The past several days have been profoundly unsettling and scary, not least because of the horrifying tragedy of what happened to George Floyd. Many people have been galvanized, to use President Obama’s term, to action. In yesterday’s Town Hall, President Obama reminds that, “Dr. King was a young man when he got involved.” So were Malcolm X, the leaders of the feminist movement, leaders of the LBGTQI movement, leaders of union movements, and the environmental movement, along with countless others. These words could not come at a more opportune time. President Obama also said something that many people who are minorities, myself included, need to hear: “I want you to know that you matter. I want you to know that your lives matter, that your dreams matter.”
Racism, vulnerability to structural inequality and brutality, economic and social “class”, access to opportunity, and episodes like the murder of George Floyd are all intertwined. How so? One of the ways structural racism manifests is by keeping people of color and other minorities under the control of society by denying them access to basic services and rights of participation. Basic services include, but are not limited to, education, healthcare, childcare, transportation, water, sanitation, food, and shelter. Rights of participation include, but are not limited to, the above, but also political participation (the vote) and employment.
For a man like George Floyd, accessing all of these would have probably been a challenge at some point in his life, on account of his skin color. George Floyd was a casual worker. According to the Boston Globe, he had lost his job as a bouncer after the Minnesota governor ordered the lockdown. Right before his death, Floyd was apparently shopping at a grocery store and allegedly tried to pay with counterfeit money.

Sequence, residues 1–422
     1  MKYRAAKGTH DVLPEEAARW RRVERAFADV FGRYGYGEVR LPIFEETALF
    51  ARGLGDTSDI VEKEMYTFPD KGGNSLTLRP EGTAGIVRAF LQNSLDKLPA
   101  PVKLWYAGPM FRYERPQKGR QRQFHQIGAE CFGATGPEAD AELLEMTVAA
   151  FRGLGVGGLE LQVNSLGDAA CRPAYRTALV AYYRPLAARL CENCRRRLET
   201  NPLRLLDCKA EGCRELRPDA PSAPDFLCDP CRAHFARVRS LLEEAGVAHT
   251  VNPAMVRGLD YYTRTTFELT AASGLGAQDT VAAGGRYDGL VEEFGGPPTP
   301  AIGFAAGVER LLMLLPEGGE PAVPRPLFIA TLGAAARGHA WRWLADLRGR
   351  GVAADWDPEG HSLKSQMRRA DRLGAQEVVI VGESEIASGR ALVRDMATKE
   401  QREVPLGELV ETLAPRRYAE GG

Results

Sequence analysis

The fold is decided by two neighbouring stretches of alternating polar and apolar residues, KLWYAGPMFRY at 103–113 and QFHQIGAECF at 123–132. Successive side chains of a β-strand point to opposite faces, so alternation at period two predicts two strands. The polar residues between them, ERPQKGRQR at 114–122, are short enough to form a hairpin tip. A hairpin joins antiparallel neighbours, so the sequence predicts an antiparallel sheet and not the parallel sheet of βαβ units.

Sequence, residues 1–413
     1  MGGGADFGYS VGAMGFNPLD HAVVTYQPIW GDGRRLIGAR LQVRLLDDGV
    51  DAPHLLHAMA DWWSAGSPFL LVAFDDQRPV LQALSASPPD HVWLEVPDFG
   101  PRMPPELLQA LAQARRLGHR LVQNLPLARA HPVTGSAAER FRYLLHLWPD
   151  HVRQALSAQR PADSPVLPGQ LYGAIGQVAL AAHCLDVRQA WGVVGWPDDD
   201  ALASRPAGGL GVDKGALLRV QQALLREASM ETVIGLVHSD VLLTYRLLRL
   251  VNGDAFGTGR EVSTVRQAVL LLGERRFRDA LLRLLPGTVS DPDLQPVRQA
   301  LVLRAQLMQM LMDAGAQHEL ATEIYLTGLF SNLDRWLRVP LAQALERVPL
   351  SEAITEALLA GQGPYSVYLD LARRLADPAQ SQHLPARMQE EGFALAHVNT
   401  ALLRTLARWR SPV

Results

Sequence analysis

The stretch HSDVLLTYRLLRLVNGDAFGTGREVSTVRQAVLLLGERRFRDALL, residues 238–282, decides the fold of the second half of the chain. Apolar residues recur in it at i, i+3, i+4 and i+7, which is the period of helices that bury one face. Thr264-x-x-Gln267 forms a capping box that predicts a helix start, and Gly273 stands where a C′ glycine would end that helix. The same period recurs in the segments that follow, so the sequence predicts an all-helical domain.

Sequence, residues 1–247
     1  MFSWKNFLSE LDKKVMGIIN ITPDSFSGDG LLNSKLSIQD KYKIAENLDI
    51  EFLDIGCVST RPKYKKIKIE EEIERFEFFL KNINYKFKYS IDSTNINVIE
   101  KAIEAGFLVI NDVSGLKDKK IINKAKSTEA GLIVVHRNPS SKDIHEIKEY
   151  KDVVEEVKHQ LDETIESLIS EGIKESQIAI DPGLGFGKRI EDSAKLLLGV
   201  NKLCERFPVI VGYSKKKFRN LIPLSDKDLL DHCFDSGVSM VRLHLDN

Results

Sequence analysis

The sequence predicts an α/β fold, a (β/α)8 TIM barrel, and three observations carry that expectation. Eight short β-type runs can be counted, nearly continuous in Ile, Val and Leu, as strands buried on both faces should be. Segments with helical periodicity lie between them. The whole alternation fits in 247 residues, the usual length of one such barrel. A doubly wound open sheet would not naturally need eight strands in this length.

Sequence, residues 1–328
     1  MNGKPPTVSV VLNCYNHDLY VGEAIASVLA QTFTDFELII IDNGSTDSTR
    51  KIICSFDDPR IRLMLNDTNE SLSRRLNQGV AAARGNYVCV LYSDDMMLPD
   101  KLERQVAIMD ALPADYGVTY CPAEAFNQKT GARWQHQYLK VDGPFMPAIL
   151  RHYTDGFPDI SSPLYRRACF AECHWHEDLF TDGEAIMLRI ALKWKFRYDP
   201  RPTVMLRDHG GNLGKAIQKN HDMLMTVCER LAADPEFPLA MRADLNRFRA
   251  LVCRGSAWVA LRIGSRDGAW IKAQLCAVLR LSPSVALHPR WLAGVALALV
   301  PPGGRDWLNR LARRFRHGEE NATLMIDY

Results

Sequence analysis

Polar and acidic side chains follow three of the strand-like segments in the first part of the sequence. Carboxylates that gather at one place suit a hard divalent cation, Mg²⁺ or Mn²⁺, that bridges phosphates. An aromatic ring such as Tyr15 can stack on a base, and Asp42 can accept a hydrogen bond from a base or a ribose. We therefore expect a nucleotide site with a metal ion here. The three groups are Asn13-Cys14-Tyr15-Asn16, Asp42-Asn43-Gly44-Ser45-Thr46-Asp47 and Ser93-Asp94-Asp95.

George Floyd was a man who had apparently faced great challenges in his life, who had tried to make an honest living, and had made mistakes – in a country like the United States, where Jim Crow laws were on the books as late as the 1960s, two decades before I entered this world.
Another example makes the connection between racism, systemic and structural violence, casual employment, and bleeding union activity dry abundantly clear. This time, it involves a company that has become ubiquitous: Amazon. In April, a memo was leaked from Amazon in which one of its lawyers attempted to deflect recent attention from its anti-union action and firing of unionist Christian Smalls. David Zapolsky, Amazon’s general counsel, described Smalls as “not smart, or articulate, and to the extent the press wants to focus on us versus him, we will be in a much stronger PR position than simply explaining for the umpteenth time how we’re trying to protect workers”.
Zapolsky seems to have thought that the press and the public would share his view that Smalls is “not smart, or articulate”, which would discredit Smalls as an activist fighting for labor justice on account of a perception of him being a “not smart, or articulate” black man. Zapolsky apparently thought that this would help Amazon save face. In other words, he sought to capitalize and cash in on something that has contributed to George Floyd’s death: white privilege. Entitlement. Greed. Confidence that the press and public will believe an educated person with a well-paying job over a low-wage worker of color.
America needs to dig deep and to think hard about how we want to live in the future. Employers should be supporting their staff as much as they can, if they can afford it. The Zapolskys, Chauvins (the police officer whose knee cut off Floyd’s windpipe), and Amy Coopers of the world are many. They should be held accountable for what happened to George Floyd, Christian Smalls, and Christian Cooper.
Parisa Zangeneh is a lawyer and a PhD student at the Irish Center for Human Rights, National University of Ireland, Galway and is originally from Wallingford, Pennsylvania.